Dr. Ran in lab

Studying why neurons die

Tuesday, September 1, 2015by Will Sansom

Qitao Ran, Ph.D., is using animal models to study neurodegeneration – the underlying cause of diseases such as Alzheimer’s and ALS.

Qitao Ran, Ph.D., grew up in a remote, mountainous part of southwestern China, 200 miles from the nearest big city, Chongqing. The son of rice farmers, he developed a strong work ethic early on while helping his parents with rice field work. At school he was a good learner, and his favorite subjects were physics and chemistry. By high school, Dr. Ran established himself as one of the top students in his region.

After graduating from high school, Dr. Ran headed to the nation’s capital, Beijing, to attend college. In 1990 he finished his Bachelor of Science degree in biology at Beijing Normal University and in 1995 his Doctor of Philosophy degree in cell biology at Peking Union Medical College.

“My interest in aging research started in graduate school, and my doctoral thesis project was to investigate a possible mechanism of immune system dysfunction that makes older people susceptible to diseases,” Dr. Ran said.

The summer after earning his doctoral degree, he boarded a plane bound for Houston, Texas, to begin his postdoctoral study in the molecular biology of cellular senescence at Baylor College of Medicine in the laboratory of Olivia Pereira Smith, Ph.D.

Appointments in San Antonio

In 2000, the Barshop Institute for Longevity and Aging Studies recruited Dr. Ran to the UT Health Science Center at San Antonio. “I came to San Antonio because I was excited about studying the role of oxidative stress in aging, and San Antonio is a great place for aging research,” he said.

Today Dr. Ran is associate professor in the Department of Cellular and Structural Biology in the School of Medicine; he is also research health scientist in the Geriatric Research, Education and Clinical Center of the South Texas Veterans Health Care System. He is funded by a U.S. Department of Veterans Affairs (VA) Merit Award. Additional support is from the Alzheimer’s Association and the William and Ella Owens Medical Research Foundation.

Mice that display neurodegeneration

For several years, Dr. Ran has been interested in the molecular events, particularly the role of mitochondrial dysfunction and oxidative stress, that give rise to age-associated neurodegenerative diseases such as Alzheimer’s.

“Although a lot of data indicates that neurodegeneration is associated with oxidative stress and mitochondrial dysfunction, the role of oxidative stress and mitochondrial dysfunction in death of neurons is difficult to model,” Dr. Ran said. “Because of this, there hasn’t been a lot of success to develop drugs targeting these key events in neurodegeneration.”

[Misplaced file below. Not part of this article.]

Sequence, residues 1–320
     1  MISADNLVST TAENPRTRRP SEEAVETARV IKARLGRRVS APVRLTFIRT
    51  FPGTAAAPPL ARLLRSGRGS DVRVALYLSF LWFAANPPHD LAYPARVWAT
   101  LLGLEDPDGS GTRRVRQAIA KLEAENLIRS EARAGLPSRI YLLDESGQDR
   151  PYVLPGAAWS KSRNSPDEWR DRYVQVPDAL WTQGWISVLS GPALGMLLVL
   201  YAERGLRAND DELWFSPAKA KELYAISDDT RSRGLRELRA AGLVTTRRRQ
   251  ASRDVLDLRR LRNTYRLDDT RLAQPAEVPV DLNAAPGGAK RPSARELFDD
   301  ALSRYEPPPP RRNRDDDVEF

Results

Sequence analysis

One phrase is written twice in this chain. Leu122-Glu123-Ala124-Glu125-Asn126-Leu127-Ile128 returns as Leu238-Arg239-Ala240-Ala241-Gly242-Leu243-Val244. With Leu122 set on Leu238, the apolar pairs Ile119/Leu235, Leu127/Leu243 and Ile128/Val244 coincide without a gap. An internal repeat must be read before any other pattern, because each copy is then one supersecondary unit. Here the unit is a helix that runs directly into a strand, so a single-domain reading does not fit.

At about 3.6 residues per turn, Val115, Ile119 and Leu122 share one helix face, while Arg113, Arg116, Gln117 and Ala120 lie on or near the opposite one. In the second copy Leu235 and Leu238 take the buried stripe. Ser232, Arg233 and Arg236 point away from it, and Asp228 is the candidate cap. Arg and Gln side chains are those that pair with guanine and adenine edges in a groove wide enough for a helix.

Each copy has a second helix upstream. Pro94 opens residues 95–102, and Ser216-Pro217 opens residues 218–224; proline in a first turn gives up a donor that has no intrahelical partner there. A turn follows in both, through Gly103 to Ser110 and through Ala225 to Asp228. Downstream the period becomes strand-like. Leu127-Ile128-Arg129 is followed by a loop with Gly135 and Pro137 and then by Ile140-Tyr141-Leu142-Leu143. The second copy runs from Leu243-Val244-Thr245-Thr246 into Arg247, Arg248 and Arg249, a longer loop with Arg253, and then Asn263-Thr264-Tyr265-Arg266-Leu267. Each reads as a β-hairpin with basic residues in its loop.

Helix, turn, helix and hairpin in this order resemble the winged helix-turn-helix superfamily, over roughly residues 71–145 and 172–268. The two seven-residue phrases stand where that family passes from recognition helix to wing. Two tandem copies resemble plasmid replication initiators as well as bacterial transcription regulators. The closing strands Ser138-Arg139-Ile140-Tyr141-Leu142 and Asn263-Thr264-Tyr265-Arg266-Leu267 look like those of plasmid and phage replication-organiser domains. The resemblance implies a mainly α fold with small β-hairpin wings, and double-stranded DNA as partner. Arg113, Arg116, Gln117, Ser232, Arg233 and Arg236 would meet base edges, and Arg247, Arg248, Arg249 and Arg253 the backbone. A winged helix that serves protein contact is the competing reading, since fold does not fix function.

Over the last decade, Dr. Ran’s lab has developed a number of new mouse models to fill the void. For this success he praises his lab team, which includes his wife, Ren Na, the lab manager.

Models should be useful for ALS, Alzheimer’s research

“We are particularly excited about a couple of new models we’ve just developed,” Dr. Ran said. “One of the models shows rapid paralysis within a few days, a very fast paralysis model caused by degeneration of spinal motor neurons.”

The mouse features deletion of a key antioxidant enzyme that inhibits a couple of cell death mechanisms, he said. “The model could be used for studies of amyotrophic lateral sclerosis (ALS),” he said.

The lab is studying another model that exhibits neurodegeneration in the brain, which could bolster Alzheimer’s disease investigations.

Keep supporting research

Basic research, such as animal studies, is very important for finding preventions and cures for diseases such as Alzheimer’s and ALS.

“Basic research can’t be neglected, because it is most likely to bring the great leaps and breakthroughs in treatments,” Dr. Ran said. “The desire to see a finding of ours translated to the clinic, to help patients – keeps me going.”

Two worlds

Dr. Ran returns to China about once a year to visit his relatives, particularly his father, Long Pei Ran, who is 79 years old and not in good health. Dr. Ran’s home area, still a rural region, is now served by highways and railways, so it is less remote and is increasingly becoming a tourist destination.

Although his life in science is far removed from the rice fields of his youth, Dr. Qitao Ran’s work ethic remains strong in his quest to make a difference to those with Alzheimer’s and other neurodegenerative diseases.